Since the collapse of the Soviet Union, Mongolia has viewed Russia as a reliable, strategic partner. Although Ulaanbaatar made numerous efforts to revive its bilateral relations with Moscow, particularly in trade, to counterbalance the fast-growing economic relations with Beijing, Russia was unable to pay significant attention to Mongolia’s request due to its own political and socio-economic challenges. In addition, despite its “third neighbor” policy of building ties with developed democracies, Mongolian foreign policy priorities have always concentrated on its neighbors, particularly on Russia (Foreign Policy Concept of Mongolia, 1994). Russia’s response to Mongolia’s diplomatic overtures developed slowly, but was eventually revived with President Vladimir Putin’s visit to Ulaanbaatar in 2000 (, November 13–14, 2000). Moscow’s economic and geopolitical interests were expressed more clearly during President Dmitry Medvedev’s visit in 2009 on the occasion of the 70th anniversary of the Soviet-Mongolian victory over Japan’s Kwantung Army in the battle of Khalkhin Gol (Xinhua, August 27, 2009).

During the visit, both sides agreed to develop their strategic partnership with an explicit focus on economic cooperation—in the areas of mining and infrastructure development. Russia agreed to invest in extraction of uranium, extension of Mongolian domestic railroad networks, and joint mining ventures (Strategic Partnership Declaration, 2009). Even though Mongolia’s fuel imports have constituted the majority of the bilateral trade from 1990, they were not mentioned in the declaration. In addition to fuel leverage, Russia still maintains several important business stakes in Mongolia. The Erdenet copper mine, which produces 40 percent of Mongolia’s gross domestic product (GDP), is equally owned by Russia. Also, the state-owned joint mining concern, Mongolrostsevetment, and the trans-Mongolian railroad are also jointly run by Russia. These joint ventures also provide significant economic leverage in Mongolian politics. For instance, Russia successfully discouraged Mongolia’s efforts to receive $188 million of assistance from the US Millennium Challenge Account to renovate its railroads and to build a second trans-Mongolian link with Chinese developmental assistance (The Mongol Messenger, 2009). Also, Russia wholeheartedly supported Mongolia’s decision to expand its domestic railroad links using the Russian standard gauge rather than linking key mining sites in the Gobi area directly to China’s rail network. During their subsequent visits to Mongolia in 2009, President Medvedev and Prime Minister Putin agreed to provide $250 million for a railroad modernization project and 1,000 cargo train cars (Government Press, May 13, 2009).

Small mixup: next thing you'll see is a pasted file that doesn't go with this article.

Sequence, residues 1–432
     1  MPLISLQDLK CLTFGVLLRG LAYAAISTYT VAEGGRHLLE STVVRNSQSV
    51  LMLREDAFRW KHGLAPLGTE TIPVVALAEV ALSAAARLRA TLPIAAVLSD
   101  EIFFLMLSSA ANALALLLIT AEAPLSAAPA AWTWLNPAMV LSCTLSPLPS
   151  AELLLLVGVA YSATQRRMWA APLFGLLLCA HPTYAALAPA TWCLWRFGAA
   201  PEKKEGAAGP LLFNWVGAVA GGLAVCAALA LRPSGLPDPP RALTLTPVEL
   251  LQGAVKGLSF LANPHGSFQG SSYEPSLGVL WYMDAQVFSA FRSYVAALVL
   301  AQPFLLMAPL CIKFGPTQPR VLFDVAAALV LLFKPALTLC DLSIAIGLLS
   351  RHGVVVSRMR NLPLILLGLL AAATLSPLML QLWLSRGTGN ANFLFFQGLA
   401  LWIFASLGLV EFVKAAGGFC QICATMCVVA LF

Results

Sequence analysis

From the fuel supply to joint ventures, Russia remains a visible factor in Mongolian politics and its economy. However, Rosneft’s monopolistic policy over Mongolia’s fuel market has begun to intensify Mongolia’s efforts to find alternative fuel suppliers, such as Kazakhstan and the Gulf states, as well as to refine its crude oil rather than exporting to China. But for the time being, Mongolia’s burgeoning economy will remain vulnerable to imports of Russian gasoline.